Witch Hazel Tree by Dorothy Waters

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These poems are part of a special section of the Mid-Atlantic Review, Celebrating Black History, and selected by editors Khadijah Ali-Coleman, Carolivia Herron, and Rebecca Bishophall. To learn more about this series read a blog post on the Day Eight website here.

Witch Hazel Tree

by Dorothy Waters

“Benjamin Hance, an African American man, was lynched June 17, 1887 in Leonardtown, St. Mary’s County. The men took Hance to the outskirts of town and hung him from a witch hazel tree.” – msa.maryland.gov

What

Is

The

Crime against Benjamin

Hance

His hue

Aroused

Zealots

Earnest in their

Lynching of him

They tortured and hung him with

Racism and

Evil and

Excuses

Dorothy Waters is a Maryland native – mother of one, grandmother of one, and mother-in-love of one. She was born to talented parents among twelve siblings. She writes poems sporadically – sometimes to suit special occasions or events, sometimes to remember or honor someone, or just on a whim. She realizes that the placement of words and the way they are configured and formed can compel you to laugh, to cry, to think, to sigh, to remember, to understand, to grieve. Her poems are written from snippets of conversations, interesting word groups, the sounds or appearances of nature or mankind, and just general observations. She knows that words and how they are written, spoken, sung or perceived – matter.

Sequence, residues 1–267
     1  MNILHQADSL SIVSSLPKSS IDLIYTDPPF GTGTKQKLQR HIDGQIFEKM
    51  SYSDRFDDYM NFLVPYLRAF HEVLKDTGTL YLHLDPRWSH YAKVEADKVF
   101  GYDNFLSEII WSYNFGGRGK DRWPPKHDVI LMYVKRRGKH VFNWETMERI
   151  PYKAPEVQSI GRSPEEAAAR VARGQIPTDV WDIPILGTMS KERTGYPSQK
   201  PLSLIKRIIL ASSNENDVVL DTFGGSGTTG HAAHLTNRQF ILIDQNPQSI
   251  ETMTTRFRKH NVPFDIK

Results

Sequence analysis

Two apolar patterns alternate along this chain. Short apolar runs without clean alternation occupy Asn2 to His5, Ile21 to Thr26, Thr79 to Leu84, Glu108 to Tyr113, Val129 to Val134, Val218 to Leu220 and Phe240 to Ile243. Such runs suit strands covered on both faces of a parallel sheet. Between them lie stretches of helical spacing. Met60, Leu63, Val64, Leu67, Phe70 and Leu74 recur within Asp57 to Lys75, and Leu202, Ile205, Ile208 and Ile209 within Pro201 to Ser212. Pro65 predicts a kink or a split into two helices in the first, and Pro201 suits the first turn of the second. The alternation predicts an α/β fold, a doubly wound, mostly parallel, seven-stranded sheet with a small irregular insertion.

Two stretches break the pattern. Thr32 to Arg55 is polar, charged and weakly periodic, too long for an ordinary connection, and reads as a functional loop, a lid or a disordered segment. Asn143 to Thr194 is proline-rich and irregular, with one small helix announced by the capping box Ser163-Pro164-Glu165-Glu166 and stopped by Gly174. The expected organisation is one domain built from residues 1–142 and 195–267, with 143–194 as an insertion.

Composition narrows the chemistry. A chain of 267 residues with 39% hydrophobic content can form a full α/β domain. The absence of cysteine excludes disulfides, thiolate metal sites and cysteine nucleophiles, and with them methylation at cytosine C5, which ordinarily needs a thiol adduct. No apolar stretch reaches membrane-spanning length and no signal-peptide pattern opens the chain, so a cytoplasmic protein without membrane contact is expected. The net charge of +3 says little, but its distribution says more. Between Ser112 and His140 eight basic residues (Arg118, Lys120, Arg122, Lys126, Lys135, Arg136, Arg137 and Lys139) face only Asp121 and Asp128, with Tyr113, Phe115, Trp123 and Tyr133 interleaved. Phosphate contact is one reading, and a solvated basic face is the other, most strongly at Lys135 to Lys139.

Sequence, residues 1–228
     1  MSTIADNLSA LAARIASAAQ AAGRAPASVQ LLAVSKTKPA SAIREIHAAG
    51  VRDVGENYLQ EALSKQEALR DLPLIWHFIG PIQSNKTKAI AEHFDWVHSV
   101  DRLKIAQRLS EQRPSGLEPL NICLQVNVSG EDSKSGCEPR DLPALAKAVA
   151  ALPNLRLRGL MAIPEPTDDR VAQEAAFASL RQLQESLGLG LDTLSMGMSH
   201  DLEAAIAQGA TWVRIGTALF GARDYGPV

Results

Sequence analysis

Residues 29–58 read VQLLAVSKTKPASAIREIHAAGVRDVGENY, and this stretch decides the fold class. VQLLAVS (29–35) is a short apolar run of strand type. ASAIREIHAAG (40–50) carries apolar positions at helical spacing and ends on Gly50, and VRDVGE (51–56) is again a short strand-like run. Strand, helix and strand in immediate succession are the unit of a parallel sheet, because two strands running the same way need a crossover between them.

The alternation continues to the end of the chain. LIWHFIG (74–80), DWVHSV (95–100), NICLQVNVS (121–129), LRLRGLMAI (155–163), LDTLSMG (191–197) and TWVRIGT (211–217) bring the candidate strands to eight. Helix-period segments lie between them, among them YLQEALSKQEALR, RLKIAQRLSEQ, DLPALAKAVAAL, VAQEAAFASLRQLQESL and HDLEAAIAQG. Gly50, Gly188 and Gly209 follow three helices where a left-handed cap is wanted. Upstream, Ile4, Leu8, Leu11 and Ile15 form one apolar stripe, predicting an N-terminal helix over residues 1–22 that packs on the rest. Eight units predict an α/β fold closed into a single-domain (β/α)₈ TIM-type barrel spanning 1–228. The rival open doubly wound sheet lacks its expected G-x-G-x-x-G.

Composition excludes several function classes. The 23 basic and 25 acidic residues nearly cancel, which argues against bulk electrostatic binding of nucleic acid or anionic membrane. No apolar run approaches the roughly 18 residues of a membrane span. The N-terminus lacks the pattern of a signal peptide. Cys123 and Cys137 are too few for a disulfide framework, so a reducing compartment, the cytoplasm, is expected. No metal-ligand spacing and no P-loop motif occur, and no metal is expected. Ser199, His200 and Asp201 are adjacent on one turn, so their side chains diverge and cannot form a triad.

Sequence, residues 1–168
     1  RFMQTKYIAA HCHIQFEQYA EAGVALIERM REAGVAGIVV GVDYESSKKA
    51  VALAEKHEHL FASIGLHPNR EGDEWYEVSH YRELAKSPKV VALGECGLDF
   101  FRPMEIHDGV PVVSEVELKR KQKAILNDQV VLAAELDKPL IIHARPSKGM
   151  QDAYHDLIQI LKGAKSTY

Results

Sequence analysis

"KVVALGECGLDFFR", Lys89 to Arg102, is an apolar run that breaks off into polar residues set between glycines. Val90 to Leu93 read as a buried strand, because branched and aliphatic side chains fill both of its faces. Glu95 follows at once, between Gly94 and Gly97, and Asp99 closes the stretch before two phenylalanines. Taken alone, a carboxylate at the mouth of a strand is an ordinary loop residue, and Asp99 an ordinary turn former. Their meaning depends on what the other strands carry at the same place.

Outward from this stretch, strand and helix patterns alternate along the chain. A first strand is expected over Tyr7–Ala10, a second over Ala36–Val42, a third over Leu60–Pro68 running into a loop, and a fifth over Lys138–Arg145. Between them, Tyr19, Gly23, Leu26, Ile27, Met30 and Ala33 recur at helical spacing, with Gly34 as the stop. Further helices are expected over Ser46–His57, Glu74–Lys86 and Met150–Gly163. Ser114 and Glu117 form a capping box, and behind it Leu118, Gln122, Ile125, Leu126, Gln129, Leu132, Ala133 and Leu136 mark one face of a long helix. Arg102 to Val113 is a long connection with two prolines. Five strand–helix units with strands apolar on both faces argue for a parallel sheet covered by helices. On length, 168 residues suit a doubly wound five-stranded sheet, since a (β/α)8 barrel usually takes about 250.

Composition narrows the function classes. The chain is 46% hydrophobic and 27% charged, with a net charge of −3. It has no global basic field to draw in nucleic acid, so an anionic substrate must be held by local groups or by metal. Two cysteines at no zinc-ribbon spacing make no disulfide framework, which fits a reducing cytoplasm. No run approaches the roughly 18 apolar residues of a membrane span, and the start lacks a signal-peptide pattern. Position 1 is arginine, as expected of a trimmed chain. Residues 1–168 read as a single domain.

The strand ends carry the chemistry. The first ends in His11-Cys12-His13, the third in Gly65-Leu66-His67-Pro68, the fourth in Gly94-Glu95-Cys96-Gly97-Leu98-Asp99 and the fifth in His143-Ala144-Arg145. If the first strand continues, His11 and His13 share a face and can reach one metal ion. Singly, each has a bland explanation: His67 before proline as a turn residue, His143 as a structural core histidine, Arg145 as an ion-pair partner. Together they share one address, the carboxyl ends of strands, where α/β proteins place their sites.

Featured image in this post is Witch Hazel Tree in Hillsboro, Oregon by M. O. Stevens, licensed under the Creative Commons Attribution-Share, wikimedia commons.

Editor
Editorhttp://www.dayeight.org
Bourgeon’s mission, through our online publication and community initiatives, is twofold: to increase participation in the arts and to improve access to the arts. Bourgeon is a project of the not-for-profit Day Eight.
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